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Pay it forward with big, red truck

Pay it forward with big, red truck

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It was a simple show of faith and respect by Courtney Groharing, her wearing the blue rubber bracelet. It read: "Blue Lives Matter.''

The gesture, kind and supportive during a rough stretch for local law enforcement, has long been etched in the mind -- and heart -- of Moline Police officer Patrick Moody.

Monday, Ms. Groharing's faith in those who protect and serve, was rewarded through a monster act of kindness by Officer Moody, a 25-year law enforcement veteran.

In a surprise workplace visit, Officer Moody "paid it forward'' to Ms. Groharing, giving the married mother of two, a 1999 red Dodge Ram pickup truck.

The used vehicle featured new tires, exhaust and a full tank of gas. Tim Clifton, of American Family Insurance in Moline, agreed to charitable sponsorship of a policy that will insure Ms. Groharing and her husband, Jacob, through the upcoming holiday season.

The generous gesture drew hugs from both sides.

"Awesome,'' Ms. Groharing, 27, of Moline, said while taking some good-natured ribbing about her being petite and the truck's cab being rather roomy. 

"I'm at a loss for words. I remember him (Officer Moody) from where I used to work. My mother got the bracelets for her and I out of respect. This does so much for us, my family. I'm so at a loss for words right now, but this is a total surprise and it is awesome. I know I'm saying that a lot, but it is awesome.''

It must be noted, Officer Moody's good deed on Monday was not spur-of-the-moment. He has been working on what he hopes will become an annual pay-it-forward gesture for quite some time. In 2016, he replaced a car for accident victim Danielle Robinson. That generous act drew national attention.

"It is a platform,'' Officer Moody said of working to enrich the lives of those in need. "It's something I believe in, have done for many years, and will continue to do. It is pretty simple. You give and you do your best to make the lives of others better. It is much more than receiving.''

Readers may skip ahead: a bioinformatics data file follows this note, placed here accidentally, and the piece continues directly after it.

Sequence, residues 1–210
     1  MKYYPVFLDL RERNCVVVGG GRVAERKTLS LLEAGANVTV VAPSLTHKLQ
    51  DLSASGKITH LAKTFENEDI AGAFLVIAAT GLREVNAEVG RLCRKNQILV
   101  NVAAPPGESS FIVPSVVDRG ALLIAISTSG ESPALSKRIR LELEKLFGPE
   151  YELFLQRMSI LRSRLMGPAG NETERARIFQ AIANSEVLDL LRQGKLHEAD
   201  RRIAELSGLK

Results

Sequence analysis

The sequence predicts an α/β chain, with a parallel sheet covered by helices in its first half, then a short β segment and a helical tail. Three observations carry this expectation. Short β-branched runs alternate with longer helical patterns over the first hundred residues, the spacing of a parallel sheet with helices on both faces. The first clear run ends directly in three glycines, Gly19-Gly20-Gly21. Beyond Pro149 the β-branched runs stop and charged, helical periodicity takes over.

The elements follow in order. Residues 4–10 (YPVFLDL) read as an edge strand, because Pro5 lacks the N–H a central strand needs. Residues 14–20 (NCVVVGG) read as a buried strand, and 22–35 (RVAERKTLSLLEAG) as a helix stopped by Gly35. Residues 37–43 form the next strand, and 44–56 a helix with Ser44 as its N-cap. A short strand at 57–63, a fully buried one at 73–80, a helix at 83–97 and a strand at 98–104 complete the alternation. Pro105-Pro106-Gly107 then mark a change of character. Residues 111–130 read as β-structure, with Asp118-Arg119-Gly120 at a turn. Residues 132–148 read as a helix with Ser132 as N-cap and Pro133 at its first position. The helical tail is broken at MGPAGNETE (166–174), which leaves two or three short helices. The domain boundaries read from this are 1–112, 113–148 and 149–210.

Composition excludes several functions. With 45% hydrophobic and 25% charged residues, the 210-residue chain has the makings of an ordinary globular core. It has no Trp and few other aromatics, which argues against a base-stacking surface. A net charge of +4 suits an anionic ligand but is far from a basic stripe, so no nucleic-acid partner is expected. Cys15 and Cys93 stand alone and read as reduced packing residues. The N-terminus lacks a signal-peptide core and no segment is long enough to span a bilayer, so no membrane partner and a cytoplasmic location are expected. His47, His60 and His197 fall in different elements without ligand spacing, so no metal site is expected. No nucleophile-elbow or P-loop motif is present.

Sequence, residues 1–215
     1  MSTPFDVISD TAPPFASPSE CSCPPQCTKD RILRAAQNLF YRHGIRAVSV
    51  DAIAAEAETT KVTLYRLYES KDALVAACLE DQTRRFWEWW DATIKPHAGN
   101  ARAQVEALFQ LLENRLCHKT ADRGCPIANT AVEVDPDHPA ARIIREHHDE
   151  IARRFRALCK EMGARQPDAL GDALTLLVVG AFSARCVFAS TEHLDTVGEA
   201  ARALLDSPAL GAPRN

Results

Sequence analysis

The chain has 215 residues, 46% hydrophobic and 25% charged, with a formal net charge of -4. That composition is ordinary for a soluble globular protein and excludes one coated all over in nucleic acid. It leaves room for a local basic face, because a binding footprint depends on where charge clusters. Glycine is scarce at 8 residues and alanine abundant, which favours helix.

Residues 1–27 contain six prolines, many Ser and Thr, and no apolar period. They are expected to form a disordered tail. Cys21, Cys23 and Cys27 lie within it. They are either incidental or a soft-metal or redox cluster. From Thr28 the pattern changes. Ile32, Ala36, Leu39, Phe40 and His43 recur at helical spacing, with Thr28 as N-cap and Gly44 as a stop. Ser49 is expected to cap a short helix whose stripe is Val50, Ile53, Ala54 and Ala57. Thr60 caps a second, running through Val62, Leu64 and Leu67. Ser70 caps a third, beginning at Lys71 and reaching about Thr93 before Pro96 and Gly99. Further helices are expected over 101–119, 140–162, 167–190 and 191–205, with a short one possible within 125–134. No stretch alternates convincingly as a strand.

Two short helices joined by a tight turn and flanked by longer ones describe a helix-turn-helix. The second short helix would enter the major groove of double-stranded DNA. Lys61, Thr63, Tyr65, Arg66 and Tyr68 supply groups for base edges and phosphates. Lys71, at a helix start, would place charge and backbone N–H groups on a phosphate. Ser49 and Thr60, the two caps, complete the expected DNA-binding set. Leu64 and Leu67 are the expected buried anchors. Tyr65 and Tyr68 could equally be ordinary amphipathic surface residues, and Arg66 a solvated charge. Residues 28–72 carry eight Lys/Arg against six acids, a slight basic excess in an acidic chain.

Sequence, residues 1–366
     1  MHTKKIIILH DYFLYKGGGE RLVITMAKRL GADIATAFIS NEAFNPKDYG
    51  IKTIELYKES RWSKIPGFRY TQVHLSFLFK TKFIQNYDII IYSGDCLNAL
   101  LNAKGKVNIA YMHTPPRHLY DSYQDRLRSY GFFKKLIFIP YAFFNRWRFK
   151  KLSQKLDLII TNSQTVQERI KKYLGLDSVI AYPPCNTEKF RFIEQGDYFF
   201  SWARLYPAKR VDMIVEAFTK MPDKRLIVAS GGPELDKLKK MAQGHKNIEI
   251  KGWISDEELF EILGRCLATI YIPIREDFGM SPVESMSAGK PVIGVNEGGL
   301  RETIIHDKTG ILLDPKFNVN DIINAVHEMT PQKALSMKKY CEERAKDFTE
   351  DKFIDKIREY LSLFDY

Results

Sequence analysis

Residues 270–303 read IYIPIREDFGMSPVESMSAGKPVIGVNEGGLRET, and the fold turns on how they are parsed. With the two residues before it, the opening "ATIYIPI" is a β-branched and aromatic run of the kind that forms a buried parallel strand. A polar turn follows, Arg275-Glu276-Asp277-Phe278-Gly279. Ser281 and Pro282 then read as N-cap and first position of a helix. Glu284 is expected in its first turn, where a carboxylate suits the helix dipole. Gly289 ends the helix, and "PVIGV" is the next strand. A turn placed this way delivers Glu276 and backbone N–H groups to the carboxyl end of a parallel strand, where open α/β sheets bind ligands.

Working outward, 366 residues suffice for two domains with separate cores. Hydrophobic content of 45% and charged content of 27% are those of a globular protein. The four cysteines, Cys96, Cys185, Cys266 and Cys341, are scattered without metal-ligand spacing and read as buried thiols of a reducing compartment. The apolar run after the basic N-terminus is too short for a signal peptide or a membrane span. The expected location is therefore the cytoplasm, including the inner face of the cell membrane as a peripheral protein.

When searching for someone who could use a boost, Ms. Groharing's name was passed on to Officer Moody. He said he recognized it and remembered her from the convenience store where she worked and how faithful she was to those who serve and protect.

"She is a genuine and caring person,'' Officer Moody said of Ms. Groharing. "Law enforcement, in general, has come under more scrutiny in the last couple of years. During the most difficult and challenging time for myself, my co-workers and my extended law-enforcement family throughout the Quad-Cities, I noticed her wearing a “Blue Lives Matter” bracelet while at work one day.

"Courtney told me she worried about and prayed for all the police officers that she got to know from the store and she wanted to show her support for all of us during our difficult time. She faithfully wore that bracelet every day for several months, up until she left the job a few weeks before giving birth to her latest child. That act of support and concern about her police friends, spoke volumes to her character.''

Life, Officer Moody was told, had become a struggle for for Courtney, Jacob, and their two daughters, Lillian, age 6, and Vanellope, 9 months. He learned the family car was shelved and repairs to fix it were more than its worth. It left Ms. Groharing and her husband to ask others and use public transportation to get to and from their respective jobs.

"When I went in search of someone to help, I was told Courtney is the type of person that would give her last dollar to a friend in need,'' Officer Moody said. "Courtney’s struggles are real just as many others that live in the Quad-Cities. I know they have been without a car for several months, that she lost her job when she gave birth, but is back working, but there was a gap when they were without her income.

"I know they went several days without heat -- and struggled with carbon monoxide issues -- until a faulty furnace could be fixed. They seemed like they could use a helping hand,  so here we are.''

Upbeat and positive about the world around her, Ms. Groharing's faith took a tick upward Monday with Officer Moody's kind and generous act.

"He is just a good man,'' she said.  "This is beyond generous. All the Moline officers I got to know were great. I'm shocked he thought enough of me and my family to do this. You never think like this, that someone is going to pay it ahead to you.''

Monday's act of kindness, Officer Moody insisted, was to show that paying it forward should be the norm, not the exception.

"I’m encouraging others to help people even when you know that they can’t help you back,'' he said. "Please be mindful that the winter holiday season can be more difficult for many therefore it is important to do good deeds for those that are in need without asking or expecting anything in return. If you have the power to make someone happy, do it. The world needs more of it.''

"This is a total surprise and it is awesome. I know I'm saying that a lot, but it is awesome.''

Courtney Groharing

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